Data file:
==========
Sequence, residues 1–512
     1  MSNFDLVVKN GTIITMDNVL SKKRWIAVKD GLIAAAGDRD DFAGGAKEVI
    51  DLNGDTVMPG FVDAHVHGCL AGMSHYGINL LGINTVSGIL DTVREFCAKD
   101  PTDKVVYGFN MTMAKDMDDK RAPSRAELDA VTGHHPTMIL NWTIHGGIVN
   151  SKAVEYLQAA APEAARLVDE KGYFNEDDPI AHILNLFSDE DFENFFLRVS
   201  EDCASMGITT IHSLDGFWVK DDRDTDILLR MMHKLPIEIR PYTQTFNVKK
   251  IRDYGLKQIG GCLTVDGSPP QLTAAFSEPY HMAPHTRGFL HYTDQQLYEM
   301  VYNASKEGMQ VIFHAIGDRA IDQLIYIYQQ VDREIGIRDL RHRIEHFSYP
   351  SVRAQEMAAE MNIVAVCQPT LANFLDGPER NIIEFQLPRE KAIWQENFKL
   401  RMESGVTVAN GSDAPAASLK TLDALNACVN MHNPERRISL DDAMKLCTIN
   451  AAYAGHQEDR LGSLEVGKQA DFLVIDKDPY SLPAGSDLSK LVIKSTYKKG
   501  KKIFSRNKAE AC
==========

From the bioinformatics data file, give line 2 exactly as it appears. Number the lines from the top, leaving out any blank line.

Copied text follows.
     1  MSNFDLVVKN GTIITMDNVL SKKRWIAVKD GLIAAAGDRD DFAGGAKEVI